Together, the companies claim 43 million subscribers and could cover up to 200 million customers with LTE service before the end of the year. Current customers on either carrier won’t notice much of an immediate difference, at least when it comes to branding and aesthetics. The two brands will continue to operate separately for the time being, but will eventually shift to a shared network infrastructure.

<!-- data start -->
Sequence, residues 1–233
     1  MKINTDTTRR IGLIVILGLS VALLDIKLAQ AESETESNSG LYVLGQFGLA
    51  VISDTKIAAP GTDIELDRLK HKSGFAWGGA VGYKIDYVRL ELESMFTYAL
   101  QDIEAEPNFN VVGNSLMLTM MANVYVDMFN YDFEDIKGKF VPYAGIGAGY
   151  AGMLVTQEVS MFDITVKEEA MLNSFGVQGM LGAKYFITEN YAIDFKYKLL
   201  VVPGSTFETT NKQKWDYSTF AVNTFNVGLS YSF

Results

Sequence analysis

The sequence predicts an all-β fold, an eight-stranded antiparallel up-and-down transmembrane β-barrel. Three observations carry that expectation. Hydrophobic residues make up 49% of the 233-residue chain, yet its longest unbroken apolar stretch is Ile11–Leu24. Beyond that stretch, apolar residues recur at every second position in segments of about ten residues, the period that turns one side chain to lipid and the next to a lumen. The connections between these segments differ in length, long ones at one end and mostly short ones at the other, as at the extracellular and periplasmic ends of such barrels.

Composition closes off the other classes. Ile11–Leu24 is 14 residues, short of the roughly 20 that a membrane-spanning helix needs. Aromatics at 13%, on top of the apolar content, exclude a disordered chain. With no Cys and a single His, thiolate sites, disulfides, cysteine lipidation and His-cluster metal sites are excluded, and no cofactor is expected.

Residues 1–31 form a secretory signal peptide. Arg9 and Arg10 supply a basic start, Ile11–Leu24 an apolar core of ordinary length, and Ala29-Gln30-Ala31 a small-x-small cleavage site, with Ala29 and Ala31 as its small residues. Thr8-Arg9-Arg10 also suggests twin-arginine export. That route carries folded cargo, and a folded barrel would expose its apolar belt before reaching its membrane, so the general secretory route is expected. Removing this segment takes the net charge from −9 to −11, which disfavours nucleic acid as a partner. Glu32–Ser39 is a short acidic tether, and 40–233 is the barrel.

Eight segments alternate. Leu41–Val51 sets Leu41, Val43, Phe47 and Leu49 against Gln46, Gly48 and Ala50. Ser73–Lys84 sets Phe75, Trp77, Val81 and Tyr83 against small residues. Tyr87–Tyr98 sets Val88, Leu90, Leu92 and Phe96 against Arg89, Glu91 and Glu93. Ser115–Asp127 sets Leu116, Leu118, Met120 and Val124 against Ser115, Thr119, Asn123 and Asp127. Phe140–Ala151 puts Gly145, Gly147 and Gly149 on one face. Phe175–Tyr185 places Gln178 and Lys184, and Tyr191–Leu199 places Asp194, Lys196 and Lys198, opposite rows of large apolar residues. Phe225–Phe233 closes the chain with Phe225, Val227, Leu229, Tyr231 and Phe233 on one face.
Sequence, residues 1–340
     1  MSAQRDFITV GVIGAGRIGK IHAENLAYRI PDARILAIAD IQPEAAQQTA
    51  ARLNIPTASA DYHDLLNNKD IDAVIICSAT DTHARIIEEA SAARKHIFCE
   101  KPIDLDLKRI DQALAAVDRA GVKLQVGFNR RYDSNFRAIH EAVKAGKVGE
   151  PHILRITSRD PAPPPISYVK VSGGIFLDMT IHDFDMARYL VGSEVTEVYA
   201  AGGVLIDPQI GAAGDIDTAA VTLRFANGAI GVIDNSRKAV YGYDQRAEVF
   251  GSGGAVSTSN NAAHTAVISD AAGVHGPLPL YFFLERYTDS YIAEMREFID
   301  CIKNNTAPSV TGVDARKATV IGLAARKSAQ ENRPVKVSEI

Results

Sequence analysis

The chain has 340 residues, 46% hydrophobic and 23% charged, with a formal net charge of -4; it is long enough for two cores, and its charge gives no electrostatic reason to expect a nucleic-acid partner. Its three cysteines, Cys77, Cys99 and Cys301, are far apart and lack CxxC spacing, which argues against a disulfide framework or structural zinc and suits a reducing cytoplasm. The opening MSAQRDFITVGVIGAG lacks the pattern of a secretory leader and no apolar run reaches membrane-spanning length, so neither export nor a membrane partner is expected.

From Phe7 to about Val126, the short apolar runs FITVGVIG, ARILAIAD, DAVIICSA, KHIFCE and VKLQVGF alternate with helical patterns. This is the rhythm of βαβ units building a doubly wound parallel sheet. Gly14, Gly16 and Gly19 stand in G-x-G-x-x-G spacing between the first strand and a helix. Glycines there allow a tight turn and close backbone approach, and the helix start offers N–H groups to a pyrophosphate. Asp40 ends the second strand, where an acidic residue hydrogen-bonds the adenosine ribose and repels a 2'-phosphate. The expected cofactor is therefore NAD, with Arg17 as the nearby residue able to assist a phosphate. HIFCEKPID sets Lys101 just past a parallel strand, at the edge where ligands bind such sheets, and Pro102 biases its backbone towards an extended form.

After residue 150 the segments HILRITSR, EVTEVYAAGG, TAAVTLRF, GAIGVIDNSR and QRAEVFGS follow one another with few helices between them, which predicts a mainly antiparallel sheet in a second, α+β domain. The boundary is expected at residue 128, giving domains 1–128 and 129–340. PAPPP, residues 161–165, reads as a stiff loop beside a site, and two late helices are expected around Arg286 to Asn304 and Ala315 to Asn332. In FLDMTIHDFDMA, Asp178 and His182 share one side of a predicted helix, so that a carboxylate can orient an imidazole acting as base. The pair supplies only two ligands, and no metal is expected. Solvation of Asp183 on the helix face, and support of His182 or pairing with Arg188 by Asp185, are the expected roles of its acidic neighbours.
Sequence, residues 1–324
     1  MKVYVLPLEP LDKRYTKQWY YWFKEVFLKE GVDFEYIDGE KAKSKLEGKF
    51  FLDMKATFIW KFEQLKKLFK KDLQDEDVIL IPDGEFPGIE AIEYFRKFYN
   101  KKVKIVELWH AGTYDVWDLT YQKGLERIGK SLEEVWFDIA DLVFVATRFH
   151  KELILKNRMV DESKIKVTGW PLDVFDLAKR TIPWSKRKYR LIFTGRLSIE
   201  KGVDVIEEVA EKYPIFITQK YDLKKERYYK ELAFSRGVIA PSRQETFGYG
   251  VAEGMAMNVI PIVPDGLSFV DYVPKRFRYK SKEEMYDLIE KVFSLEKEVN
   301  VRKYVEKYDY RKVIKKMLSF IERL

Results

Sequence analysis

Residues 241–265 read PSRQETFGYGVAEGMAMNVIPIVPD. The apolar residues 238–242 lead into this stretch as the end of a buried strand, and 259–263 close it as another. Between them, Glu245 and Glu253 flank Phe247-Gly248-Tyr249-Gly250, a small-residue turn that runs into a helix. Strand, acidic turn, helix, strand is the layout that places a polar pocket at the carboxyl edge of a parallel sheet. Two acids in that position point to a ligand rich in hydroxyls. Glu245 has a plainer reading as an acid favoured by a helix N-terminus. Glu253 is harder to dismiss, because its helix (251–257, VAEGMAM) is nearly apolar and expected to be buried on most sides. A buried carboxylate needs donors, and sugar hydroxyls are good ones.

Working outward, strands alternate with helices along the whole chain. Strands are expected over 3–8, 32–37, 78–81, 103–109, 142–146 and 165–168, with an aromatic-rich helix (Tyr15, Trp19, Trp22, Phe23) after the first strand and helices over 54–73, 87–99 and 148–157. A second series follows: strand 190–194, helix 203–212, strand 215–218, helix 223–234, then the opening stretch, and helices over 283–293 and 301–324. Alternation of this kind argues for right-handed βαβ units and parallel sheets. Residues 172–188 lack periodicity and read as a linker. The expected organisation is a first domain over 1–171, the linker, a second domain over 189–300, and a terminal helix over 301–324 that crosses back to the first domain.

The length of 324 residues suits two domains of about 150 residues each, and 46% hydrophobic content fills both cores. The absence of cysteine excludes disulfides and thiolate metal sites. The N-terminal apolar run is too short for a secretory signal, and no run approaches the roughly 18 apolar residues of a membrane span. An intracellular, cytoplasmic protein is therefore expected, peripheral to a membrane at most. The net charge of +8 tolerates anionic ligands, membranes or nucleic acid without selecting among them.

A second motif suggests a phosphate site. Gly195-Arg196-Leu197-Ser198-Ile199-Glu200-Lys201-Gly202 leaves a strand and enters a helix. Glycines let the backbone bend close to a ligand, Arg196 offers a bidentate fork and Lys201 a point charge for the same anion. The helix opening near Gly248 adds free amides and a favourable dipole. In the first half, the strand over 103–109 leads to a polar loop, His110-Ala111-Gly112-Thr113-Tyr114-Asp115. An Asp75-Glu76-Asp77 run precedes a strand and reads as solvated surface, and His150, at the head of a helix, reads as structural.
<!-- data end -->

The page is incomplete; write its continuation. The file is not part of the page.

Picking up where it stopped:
T-Mobile US says that with the merger, it’s now in a better position for its 4G to begin rolling out in 2014. MetroPCS could also become available in more areas as it hitches on to T-Mobile’s spectrum.
T-Mobile made waves recently as it unveiled its “Uncarrier” plans, completely ditching contracts and subsidies. Company CEO John Leger still believes the company’s pricing structure will be what sets it apart going forward, which will only be strengthened by the merger.